RALPH W. G. WYCKOFF (1897 - 1994). The Analytical Expression of the Results of the Theory of Space Groups. Washington: Carnegie Institution, 1922.
WILLIAM T. ASTBURY (1898 - 1961) and KATHLEEN YARDLEY [LONSDALE] (1903 - 1971). Tabulated Data for the Examination of the 230 Space-Groups by Homogeneous X-Rays. (Philosophical Transactions of the Royal Society of London, 1924, A224, 221-257).
Wyckoff was born on 9 August 1897 in Geneva, New York, and obtained his Ph.D. at Cornell University for a thesis on X-ray diffraction. Wyckoff then joined the Geophysical Laboratory in Washington D.C., where he carried out fruitful research on the crystal structures of minerals of high symmetry.
From 1927 until 1937, Wyckoff worked at the Rockefeller Institute for Medical Research and then moved to industry, where he developed the first vaccine against epidemic typhus fever, and a dried blood plasma formulation for in-field use by the armed forces. Later at the University of Michigan, he began to use electron microscopy to take beautiful three-dimensional images of viruses.
In the course of his work at the Geophysical Laboratory, Wyckoff found that the classification of crystals according to space-group theory of E. S. Fedorov and Arthur Schoenflies was a powerful tool. In order to streamline his work, he prepared a set of tables with specific information about the locations of symmetry-related points for each of the 230 space groups. These tables formed the basis of his 1922 book, and the different symmetry-related points in any particular space group are still called Wyckoff positions to this day.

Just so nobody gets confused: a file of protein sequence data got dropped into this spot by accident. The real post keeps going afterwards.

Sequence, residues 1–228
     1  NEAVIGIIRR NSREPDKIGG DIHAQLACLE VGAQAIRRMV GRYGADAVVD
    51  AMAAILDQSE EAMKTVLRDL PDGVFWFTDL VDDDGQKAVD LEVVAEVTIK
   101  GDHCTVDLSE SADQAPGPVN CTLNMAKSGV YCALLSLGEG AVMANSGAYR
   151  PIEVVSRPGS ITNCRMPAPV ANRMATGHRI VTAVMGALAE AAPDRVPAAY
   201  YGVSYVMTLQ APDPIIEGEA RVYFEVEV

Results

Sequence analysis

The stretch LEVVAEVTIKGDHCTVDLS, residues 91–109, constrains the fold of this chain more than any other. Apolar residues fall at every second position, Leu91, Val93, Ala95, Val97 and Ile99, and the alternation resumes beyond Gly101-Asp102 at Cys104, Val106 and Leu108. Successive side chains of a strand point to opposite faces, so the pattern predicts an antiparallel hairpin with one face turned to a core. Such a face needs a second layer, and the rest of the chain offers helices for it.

Wyckoff's book inspired Astbury and Yardley (see below under her married name Kathleen Lonsdale), who were both working in William H. Bragg's laboratory at University College, London, to write a paper in which the locations of symmetry-related points were represented in a novel graphical form. Their article, published in the Philosophical Transactions in 1924, made the job of understanding the symmetry properties of crystals much easier, and crystallographers around the world used it extensively. Their approach is still used today, as embodied in the reference volumes entitled the International Tables of Crystallography.
Jan Drenth and Aafje Looyenga-Vos, "Ralph W. G. Wyckoff," Acta Crystallographica 1995, A51, 649-650.
Complete Dictionary of Scientific Biography. Detroit: Charles Scribner's Sons, 2008, v1, p319-320.
Complete Dictionary of Scientific Biography. Detroit: Charles Scribner's Sons, 2008, v8, p484-486.